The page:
BY AMY PERRITANO EDDY
I was raised to be a good Catholic. I went through all my sacraments, went to church every Saturday or Sunday (sometimes both), joined the choir as a teenager, and have always been, most importantly, of very strong faith in God.
There were a few times that I might have struggled, such as when I felt lonely as a teenager and when my husband and I went through several years of infertility before I finally “let go and let God.” Soon after, we were blessed with our beautiful son.
I believe that every single thing happens for a reason, and we may either find out that reason later, or we may never discover it, but we learn something in the meantime. I believe that God’s timing is perfect, and I believe that everything works out just as it’s supposed to.
Some might say this is naiveté, but I say it’s faith.
At least this is how I’ve felt — how I’ve always felt — up until the afternoon of Dec. 14, 2012.
Newtown, Conn., had an earthquake in the person of a sick and twisted gunman, and the aftershocks shook my faith in all my beliefs like no other episode in my life.
Nothing made me question my faith like this awful, evil act. I said, “God! How could you let this happen?” I could not wrap my head around it.
I struggled so much trying to reconcile what happened with what I know and have experienced through my faith. Mostly, I kept imagining those poor children; my son also is in first grade. You can just imagine how much it hit home for me, as I’m sure it did for so many parents. I couldn’t wait to get home to my son and give him the biggest hug ever.
While people were praying, I didn’t feel like I could pray. I felt like I couldn’t talk to God at all because all that kept coming out was, “How could you do this? How could you let this happen?”
Later that night, while watching a “Dateline” special on the Newtown tragedy, I saw the father of one of the little girls that was killed. He said they would get through because “we remain strong in our faith and we are praying for the shooter’s family as well.”
What an amazing man, I thought. If he could stand there and display such adamant faith after losing his precious little girl in such a brutal way, how dare I feel the way I feel.
Saturday morning, I woke up from some weird dream state and just sobbed. I thought about the parents waking up without their children (assuming they even slept) and brothers and sisters awaking without their siblings.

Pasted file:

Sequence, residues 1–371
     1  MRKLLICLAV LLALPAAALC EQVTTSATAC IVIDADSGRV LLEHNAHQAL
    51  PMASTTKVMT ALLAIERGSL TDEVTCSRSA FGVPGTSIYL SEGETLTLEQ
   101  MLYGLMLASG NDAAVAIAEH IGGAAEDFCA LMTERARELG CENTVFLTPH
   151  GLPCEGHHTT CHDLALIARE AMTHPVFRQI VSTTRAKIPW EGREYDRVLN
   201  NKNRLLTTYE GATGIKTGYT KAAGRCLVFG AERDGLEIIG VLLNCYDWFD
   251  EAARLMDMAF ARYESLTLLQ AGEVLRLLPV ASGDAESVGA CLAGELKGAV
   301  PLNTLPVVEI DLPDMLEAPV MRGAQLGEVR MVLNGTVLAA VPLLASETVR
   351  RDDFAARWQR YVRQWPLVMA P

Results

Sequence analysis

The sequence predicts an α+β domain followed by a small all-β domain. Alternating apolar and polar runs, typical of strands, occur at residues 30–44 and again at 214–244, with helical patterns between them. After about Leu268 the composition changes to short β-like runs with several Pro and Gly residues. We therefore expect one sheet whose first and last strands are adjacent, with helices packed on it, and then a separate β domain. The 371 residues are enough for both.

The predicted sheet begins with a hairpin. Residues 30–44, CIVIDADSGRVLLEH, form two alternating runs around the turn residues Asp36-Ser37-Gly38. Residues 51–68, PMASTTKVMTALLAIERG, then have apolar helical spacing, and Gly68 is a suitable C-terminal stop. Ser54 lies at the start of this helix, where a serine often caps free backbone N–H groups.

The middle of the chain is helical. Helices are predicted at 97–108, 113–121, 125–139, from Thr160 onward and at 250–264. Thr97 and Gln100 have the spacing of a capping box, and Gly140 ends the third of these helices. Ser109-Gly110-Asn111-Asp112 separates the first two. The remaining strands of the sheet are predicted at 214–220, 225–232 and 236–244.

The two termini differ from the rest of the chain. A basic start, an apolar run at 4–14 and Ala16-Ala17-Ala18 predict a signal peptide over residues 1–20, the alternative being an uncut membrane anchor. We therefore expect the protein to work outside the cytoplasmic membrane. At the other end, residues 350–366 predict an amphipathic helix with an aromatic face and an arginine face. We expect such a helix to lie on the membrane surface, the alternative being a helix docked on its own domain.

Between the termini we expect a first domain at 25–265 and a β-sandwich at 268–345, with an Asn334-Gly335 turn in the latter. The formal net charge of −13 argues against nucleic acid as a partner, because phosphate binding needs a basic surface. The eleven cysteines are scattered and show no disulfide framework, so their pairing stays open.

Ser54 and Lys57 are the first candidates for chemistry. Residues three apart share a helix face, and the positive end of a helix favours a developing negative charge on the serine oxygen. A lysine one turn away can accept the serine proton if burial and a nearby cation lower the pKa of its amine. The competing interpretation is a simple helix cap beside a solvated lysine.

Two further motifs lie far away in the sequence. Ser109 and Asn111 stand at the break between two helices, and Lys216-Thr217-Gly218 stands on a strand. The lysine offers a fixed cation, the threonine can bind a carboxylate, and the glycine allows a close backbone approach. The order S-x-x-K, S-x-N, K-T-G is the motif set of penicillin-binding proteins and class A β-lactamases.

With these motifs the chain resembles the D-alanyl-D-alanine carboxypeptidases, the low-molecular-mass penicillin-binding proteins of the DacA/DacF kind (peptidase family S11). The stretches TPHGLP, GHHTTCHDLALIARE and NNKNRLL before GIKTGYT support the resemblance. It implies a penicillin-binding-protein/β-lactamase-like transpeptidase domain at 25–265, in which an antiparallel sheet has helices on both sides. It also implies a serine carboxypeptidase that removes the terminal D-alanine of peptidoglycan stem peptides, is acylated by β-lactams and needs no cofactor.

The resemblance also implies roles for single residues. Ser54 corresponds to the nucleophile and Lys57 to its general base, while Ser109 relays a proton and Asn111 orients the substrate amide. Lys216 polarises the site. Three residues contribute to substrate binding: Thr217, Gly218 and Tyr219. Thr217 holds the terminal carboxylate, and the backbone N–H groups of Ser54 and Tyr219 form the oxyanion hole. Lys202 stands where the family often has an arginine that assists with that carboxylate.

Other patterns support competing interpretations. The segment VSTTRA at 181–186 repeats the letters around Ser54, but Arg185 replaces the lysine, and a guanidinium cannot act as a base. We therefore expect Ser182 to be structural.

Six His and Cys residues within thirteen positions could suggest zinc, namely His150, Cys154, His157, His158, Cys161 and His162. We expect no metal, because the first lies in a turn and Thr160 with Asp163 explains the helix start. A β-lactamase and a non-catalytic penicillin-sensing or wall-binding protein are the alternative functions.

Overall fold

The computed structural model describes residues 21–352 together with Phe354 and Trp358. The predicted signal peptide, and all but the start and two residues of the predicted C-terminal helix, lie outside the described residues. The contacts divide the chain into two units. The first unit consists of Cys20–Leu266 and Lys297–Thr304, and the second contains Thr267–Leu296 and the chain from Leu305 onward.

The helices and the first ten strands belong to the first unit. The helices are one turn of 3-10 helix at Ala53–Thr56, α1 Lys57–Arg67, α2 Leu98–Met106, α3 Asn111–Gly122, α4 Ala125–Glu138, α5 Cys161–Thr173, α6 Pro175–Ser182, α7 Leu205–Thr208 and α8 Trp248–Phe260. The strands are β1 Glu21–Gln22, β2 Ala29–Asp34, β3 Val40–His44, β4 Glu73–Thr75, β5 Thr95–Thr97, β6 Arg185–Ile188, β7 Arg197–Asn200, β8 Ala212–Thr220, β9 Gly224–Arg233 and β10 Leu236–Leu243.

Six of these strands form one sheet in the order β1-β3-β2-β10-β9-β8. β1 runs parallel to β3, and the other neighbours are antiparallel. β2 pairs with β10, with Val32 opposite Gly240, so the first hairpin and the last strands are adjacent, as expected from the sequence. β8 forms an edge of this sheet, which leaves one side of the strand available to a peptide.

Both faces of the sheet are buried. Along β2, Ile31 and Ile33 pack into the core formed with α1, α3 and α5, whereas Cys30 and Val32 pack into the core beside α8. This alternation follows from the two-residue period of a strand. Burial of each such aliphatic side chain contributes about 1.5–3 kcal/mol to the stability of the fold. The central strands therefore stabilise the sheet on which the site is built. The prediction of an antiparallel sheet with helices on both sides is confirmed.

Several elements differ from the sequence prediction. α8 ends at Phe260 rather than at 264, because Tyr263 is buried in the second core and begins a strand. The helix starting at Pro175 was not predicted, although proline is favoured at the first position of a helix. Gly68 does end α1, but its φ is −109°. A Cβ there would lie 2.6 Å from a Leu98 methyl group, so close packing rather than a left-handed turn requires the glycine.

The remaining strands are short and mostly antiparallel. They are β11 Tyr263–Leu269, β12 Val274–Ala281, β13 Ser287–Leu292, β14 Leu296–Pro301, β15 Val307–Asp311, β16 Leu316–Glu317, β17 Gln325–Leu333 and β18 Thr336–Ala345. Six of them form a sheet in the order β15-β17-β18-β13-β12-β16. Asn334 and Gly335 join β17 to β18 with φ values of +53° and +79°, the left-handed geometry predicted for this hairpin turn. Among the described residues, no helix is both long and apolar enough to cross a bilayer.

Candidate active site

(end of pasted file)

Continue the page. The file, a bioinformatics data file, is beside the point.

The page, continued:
I went on Facebook and asked for help from my friends to help me find my faith again, to please impart some words of wisdom or inspiration. I got few responses, which told me that others were feeling the same way. I contemplated not going to church that Sunday.
By the time Sunday came, I did decide to go to church, for my son’s sake. I was teary-eyed even as I sat there. It probably was the first time I prayed in two days.
I actually did get some good responses to my Facebook inquiry. I have a friend whom I consider my mentor in spiritual matters, and I always feel like God is speaking through her to me. Her words always make sense and she always knows just what to say.
One of the things she said was, “This world is not our own, we are only travelers on our way through to what is our home. Those children are there now.”
I began to picture them celebrating Jesus’ birthday right there with Him, but I still couldn’t stop thinking, “Why did they have to die the way they did?” I was reminded that there is much evil in this world. Much evil.
But there is kindness. Ann Curry started #26, which was a call to perform 26 random acts of kindness in memory of each of the children and teachers who lost their lives.
On the other side, people are talking now — about guns, about mental health — though, doesn’t it always seem like it takes a major tragedy to bring about change?
Once in a while we hear a story of kindness — of God in another human being — such as the police officer who bought boots for the homeless man. Regardless of what the man did with the boots afterward, it was the officer’s act of kindness that mattered.
The more kindness we show each other, the more we can combat this evil. The more we pray and let God into our hearts, the less of a foothold that evil can take on our world.
I have obviously chosen to hold on to my faith after all of this. I simply concluded: Who else do I have to turn to?
As travelers on this Earth, all we can do is be kinder to each other, for each act of kindness is another slap in the face to evil, and hold on tightly to the ones we love because we never know when we’re going home.